It is generally believed that acute thrombosis formation on an atherosclerotic plaque triggers the cardiovascular events.7 8 However, whether coagulation parameters are involved in the process of atherosclerosis is a subject of great interest. This study used high-resolution color duplex ultrasonography to detect the presence of plaque and the degree of stenosis at the maximal stenotic position of the carotid artery as an indicator of atherosclerosis. Studies have indicated that the degree of stenosis in the major arteries of Chinese subjects is not as severe as that found in whites.9 10 Although there are several studies on the relationship between hemostatic factors and carotid atherosclerosis11 12 13 14 15 16 17 18 in whites, primarily implicating a role of fibrinogen in the development of atherosclerosis, there are very few such studies in Chinese. Therefore, the purpose of this study was to elucidate the relationship of some hemostatic parameters and traditional CVD risk factors to stroke and to carotid atherosclerosis in Chinese subjects.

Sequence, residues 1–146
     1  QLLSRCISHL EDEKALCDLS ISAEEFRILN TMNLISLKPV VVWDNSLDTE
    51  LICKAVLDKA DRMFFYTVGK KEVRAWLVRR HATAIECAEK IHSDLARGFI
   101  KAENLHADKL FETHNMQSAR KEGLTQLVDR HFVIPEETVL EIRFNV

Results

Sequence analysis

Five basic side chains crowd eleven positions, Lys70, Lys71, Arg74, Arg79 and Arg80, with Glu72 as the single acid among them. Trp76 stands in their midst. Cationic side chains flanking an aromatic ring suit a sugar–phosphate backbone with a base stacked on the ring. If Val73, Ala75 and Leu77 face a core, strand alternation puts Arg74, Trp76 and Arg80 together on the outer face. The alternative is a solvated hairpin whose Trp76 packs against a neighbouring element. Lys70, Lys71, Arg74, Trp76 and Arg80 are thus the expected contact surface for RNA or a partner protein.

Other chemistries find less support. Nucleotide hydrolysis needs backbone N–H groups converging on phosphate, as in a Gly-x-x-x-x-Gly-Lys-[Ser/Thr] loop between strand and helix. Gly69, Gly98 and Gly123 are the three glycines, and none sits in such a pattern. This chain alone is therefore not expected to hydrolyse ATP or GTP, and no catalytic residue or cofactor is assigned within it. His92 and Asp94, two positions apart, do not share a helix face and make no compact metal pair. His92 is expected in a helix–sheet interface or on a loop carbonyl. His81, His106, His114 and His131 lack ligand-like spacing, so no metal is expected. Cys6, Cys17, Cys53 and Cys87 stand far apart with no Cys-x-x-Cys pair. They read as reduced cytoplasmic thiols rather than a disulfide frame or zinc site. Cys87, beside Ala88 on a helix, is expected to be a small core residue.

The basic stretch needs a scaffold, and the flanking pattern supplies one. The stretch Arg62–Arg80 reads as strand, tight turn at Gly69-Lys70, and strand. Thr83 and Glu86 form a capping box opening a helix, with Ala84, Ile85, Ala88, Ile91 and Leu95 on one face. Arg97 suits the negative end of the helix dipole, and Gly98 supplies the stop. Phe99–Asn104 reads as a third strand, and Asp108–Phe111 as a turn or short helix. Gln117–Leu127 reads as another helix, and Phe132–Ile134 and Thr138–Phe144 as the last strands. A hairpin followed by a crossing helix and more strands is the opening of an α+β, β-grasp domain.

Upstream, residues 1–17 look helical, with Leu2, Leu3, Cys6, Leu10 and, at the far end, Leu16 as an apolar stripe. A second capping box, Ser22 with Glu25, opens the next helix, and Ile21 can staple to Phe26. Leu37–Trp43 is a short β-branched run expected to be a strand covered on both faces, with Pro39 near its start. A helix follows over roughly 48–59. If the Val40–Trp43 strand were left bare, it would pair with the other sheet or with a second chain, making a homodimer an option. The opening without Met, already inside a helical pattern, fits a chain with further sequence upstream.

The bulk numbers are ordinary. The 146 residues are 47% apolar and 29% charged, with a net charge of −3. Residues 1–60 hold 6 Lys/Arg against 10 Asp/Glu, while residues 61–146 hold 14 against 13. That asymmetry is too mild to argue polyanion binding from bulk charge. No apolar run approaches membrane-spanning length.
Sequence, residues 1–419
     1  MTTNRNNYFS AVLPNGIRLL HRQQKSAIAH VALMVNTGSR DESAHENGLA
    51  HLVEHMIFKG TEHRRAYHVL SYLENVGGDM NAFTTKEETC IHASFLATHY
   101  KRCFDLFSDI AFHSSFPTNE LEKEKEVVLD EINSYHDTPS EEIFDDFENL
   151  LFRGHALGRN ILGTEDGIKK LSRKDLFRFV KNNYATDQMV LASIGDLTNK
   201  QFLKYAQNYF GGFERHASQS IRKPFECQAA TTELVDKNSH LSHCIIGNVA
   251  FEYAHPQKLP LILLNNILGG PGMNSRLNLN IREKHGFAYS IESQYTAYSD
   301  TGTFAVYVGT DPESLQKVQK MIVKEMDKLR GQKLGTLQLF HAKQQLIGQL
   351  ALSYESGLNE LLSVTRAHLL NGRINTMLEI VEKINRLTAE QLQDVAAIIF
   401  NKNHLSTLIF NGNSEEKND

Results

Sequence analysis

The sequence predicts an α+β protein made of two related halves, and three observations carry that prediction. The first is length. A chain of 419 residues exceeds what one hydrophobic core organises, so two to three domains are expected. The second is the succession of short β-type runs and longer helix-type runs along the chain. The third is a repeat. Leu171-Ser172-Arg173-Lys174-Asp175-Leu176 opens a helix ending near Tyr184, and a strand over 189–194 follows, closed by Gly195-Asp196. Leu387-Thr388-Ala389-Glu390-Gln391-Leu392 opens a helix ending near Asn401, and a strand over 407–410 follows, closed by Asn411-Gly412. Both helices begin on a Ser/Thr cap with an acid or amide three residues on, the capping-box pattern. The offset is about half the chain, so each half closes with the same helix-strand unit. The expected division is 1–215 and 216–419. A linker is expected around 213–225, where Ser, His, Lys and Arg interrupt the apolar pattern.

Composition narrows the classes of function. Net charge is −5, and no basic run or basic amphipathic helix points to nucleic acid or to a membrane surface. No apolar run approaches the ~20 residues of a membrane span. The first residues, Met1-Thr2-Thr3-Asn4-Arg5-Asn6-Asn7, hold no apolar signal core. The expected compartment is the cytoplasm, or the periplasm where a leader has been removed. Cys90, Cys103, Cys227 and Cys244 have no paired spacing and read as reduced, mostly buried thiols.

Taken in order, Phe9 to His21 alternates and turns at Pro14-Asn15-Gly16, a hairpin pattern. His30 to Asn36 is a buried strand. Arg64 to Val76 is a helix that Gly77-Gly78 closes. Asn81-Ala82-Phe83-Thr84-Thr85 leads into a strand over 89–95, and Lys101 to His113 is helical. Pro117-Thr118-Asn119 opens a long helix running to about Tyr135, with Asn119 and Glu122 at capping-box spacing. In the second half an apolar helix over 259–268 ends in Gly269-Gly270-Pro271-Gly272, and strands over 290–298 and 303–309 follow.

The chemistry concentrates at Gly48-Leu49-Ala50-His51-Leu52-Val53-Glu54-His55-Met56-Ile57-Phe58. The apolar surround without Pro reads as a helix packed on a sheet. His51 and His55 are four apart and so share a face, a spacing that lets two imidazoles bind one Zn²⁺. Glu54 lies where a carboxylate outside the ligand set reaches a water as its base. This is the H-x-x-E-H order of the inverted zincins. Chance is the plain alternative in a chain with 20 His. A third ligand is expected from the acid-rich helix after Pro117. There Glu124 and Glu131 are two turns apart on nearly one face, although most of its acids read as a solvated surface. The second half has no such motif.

Subjects and Methods
The present study is ancillary to an ongoing longitudinal study, CVDFACTS.19 From November 1990 through December 1993, 4410 men and women aged 30 years and above participated in our study; they were residents of the Chu-Dung and Pu-Tzu townships located in western and southwestern Taiwan. The study was approved by the Department of Health during the review process. All subjects gave their informed consent before the examinations.
Two neurologists reviewed the answers to a TIA questionnaire administered at baseline to identify potential stroke/TIA patients. TIA was defined as a temporary focal neurological deficit presumably related to ischemia, lasting less than 24 hours. Cerebral strokes were defined as a focal neurological deficit attributed to a vascular origin, lasting more than 24 hours. Fifty-two potential stroke/TIA patients and 95 neighborhood control subjects (77 men and 70 women aged 30 years and above) randomly selected from the Chu-Dung cohort participated in an ancillary study on extracranial carotid color duplex ultrasonography in December 1993. Among the 52 patients, 24 (19 men and 5 women) were confirmed as real stroke/TIA cases after an interview with a neurologist (J.-R.C.) before the ultrasonography. Of these 24 patients, 4 had TIA and 20 had mild stroke. We will use the term “stroke” instead of stroke/TIA throughout this report.